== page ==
Published On: February 4th, 2022|949 words|3.2 min read|
Nate Schaeffer is a public affairs specialist for the Eastern Oklahoma VA
On Dec. 21, 2021, the Oklahoma Department of Health announced that the highly contagious Omicron variant had officially been detected in the Sooner State. Later that month, Eastern Oklahoma VA saw a dramatic increase in the number of Veterans and VA staff needing COVID-19 tests.
With 37 tests a day being the normal average, they soon saw their efforts quadrupled to 153 tests per day.
“We’ve been busy before, but not like this,” said Barbara Leseberg, charge nurse for the Tulsa testing team. “We would have 20-30 cars lined up at 7:30 in the morning.”
Testing is done at the Jack C. Montgomery VA Medical Center, Ernest Childers Clinic, McAlester Clinic and Vinita Clinic. From Dec. 22 to Jan. 21, a total of 3,073 tests were performed, three times the normal rate of testing.
“During this surge, the sheer numbers have been the biggest obstacle,” said Shalan Cope, Muskogee testing team nurse. “You are literally swabbing faster than one can chart. You can feel very overwhelmed. However, I have a great nurse manager and co-workers and this makes the hard times better.”
Cope said she noticed a high level of anxiety at the beginning of the surge.
Cold weather brutal – Nurses limited to 30 minutes outside
“Traffic was very bad,” Cope continued. “Some came walking over and we’re standing out in the cold weather. I don’t know if they felt they would not get served or if they thought we would run out of tests. People were anxious and scared.”
Adding to the challenge of high demand was winter weather and extremely cold days.
“The cold has been brutal,” said Leseberg. “When one person gets too cold, they come in and get warmed up. We switch out nurses so none of us are outside for more than 30 minutes. Through the ups of downs of yet another surge, our COVID-19 testing staff has risen to the challenge.”
“The team did extremely well to provide the tests despite the bitter cold,” said Robert Gaygay, nurse manager for the COVID-19 testing and immunization team. “It’s unimaginable the level of resilience they have exhibited. We are all exhausted, but they mustered the extra strength.”
Sharon Parker, medical technologist, inserts a reaction vessel into a testing instrument. It produces results in about 45 minutes.
Came together as a team to figure it out
Just as the testing teams stepped up in the face of adversity, the Lab departments did as well. The goal was to get Veterans their result in two to four hours.
“We weren’t really expecting the increased demand that came after Christmas,” said Emily Blankenship, lead medical technologist at the Ernest Childers Clinic. “We came in on Monday (Dec. 27) and all of a sudden we had 150 patients that needed swabs done the same day. We had to come together as a team and try and figure out how to still do our normal work and get results out in a timely manner.”
Amelia Fleming, Muskogee testing team LPN, said teamwork across VA departments has been key to Veterans and VA staff getting their test results as quickly as possible.
“Wait times have been very minimal due to great staff, including Employee Occupational Health and our providers who place orders in a timely and effective manner. Team work here is awesome,” Fleming said.
From eight infusions a day to twenty
Of the more than 3,000 tests conducted in a single month, 1,052 patients were positive. The month prior to the surge, only 136 were positive.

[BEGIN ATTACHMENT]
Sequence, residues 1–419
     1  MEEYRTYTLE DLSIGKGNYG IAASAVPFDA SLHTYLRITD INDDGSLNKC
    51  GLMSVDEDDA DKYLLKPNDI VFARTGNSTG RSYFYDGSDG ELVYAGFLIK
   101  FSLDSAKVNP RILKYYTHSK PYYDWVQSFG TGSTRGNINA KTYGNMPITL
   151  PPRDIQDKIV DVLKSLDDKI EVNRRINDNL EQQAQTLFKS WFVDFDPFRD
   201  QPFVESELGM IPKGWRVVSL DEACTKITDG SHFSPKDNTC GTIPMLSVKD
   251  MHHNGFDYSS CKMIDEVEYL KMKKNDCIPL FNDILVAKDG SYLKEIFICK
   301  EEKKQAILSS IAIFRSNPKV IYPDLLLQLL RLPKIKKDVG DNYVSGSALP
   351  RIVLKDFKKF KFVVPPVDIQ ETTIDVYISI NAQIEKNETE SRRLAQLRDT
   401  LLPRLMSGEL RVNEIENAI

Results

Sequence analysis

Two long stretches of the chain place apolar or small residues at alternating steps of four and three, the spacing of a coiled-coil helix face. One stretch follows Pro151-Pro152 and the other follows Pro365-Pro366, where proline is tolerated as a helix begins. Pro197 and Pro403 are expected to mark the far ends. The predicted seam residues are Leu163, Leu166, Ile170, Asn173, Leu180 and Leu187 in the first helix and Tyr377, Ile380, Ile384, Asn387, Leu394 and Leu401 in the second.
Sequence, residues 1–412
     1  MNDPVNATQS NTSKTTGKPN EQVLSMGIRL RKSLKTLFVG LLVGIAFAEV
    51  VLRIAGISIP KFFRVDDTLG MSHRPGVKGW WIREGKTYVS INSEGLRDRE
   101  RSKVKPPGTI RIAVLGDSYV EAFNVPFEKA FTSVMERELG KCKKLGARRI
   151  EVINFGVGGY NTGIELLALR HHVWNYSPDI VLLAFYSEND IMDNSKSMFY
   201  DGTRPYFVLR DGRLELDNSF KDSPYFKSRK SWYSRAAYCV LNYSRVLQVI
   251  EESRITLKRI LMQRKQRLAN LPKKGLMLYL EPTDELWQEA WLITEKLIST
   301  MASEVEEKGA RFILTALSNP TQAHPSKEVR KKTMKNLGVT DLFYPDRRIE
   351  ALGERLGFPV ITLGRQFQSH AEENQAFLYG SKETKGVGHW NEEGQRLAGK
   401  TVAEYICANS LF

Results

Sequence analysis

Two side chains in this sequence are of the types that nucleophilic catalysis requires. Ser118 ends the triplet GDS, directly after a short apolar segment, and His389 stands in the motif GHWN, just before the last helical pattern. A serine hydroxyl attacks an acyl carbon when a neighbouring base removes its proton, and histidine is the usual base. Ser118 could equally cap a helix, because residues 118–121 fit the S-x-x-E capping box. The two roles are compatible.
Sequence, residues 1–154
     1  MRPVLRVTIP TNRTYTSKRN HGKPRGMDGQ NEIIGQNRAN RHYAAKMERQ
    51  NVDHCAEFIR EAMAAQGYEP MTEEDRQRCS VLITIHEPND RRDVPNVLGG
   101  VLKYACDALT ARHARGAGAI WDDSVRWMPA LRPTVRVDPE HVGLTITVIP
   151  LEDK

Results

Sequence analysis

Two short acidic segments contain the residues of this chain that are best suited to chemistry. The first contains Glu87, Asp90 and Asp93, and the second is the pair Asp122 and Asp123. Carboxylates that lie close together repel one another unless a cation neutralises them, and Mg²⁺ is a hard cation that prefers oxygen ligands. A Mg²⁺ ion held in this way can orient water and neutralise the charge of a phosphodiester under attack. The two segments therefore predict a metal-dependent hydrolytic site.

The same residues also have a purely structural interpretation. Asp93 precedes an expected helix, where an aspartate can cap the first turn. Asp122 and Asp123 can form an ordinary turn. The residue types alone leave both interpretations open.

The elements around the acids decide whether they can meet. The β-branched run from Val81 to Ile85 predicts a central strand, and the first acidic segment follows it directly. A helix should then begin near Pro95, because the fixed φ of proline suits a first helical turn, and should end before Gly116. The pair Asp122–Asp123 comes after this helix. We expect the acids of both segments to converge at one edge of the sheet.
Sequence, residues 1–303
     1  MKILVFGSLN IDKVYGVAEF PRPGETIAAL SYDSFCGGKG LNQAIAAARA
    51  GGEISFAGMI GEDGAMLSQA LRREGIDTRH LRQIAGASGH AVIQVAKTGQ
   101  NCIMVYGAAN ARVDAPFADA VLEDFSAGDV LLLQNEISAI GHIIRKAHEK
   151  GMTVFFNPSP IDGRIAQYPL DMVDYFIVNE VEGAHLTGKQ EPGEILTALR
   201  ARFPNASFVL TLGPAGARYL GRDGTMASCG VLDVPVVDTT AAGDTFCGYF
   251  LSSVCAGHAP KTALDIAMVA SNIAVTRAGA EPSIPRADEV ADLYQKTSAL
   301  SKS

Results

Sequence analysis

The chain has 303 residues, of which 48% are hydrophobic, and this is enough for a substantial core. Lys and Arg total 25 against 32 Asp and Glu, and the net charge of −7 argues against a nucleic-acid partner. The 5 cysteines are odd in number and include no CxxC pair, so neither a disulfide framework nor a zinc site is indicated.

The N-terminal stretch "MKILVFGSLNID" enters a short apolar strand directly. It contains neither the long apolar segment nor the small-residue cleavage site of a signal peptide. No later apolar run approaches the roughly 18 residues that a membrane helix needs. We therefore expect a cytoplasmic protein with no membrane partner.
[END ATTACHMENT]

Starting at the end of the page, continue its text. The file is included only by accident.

Dr. Doug Raymer, Tulsa Clinic physician, is one of four providers who evaluates Veterans who test positive and discusses their treatment options.
“We take each Veteran individually and then we determine if they have risk factors that would put them in a position where they could get anti-viral treatment or monoclonal antibody therapy,” Raymer said.
Veterans with higher risk factors are seen outside by VA providers.
“That’s something a little unique that we’re doing that is more aggressive than the community,” Raymer added. “While we’re evaluating them outside, we can make decisions whether we need to do something more aggressively.”
In addition to monoclonal antibody therapy and oral anti-viral medication, Dr. Raymer said they made the decision to begin using Remdesivir infusion treatment in an outpatient setting.
“There were studies coming out backed by the National Institutes of Health that we could use Remdesivir in the outpatient setting which was being previously used only in the inpatient setting,” he added. “I believe in this community, we were one of the first to do that and we were very aggressive immediately to get that process rolling.”
The Jack C. Montgomery VA Medical Center provides outpatient infusion treatment for Veterans who are prescribed the treatment. Before the surge, the Muskogee hospital provided eight infusions per day. That number was increased to 20 per day to meet the demand.
“We’re at capacity or almost at capacity for the morning and the afternoon infusions,” said Deniece Anderson, COVID-19 infusion clinic nurse. “Patients are scheduled for 8 a.m. and 1 p.m. and we have extended our hours to include weekends and holidays so that all Veterans can receive infusions as needed. With the numbers continually increasing, I don’t see any end to this in the immediate future.”
Dr. Raymer said getting a COVID-19 vaccination will likely lessen the severity of symptoms.
“When I’m talking on the phone with a Veteran, I can almost tell who has been vaccinated and who has not,” Raymer said. “If you’ve had the vaccine, you’re doing much better. You have less than a 4% chance of being hospitalized if you’re vaccinated. But each person will respond differently. The more risk factors you have, we especially want you to be vaccinated.”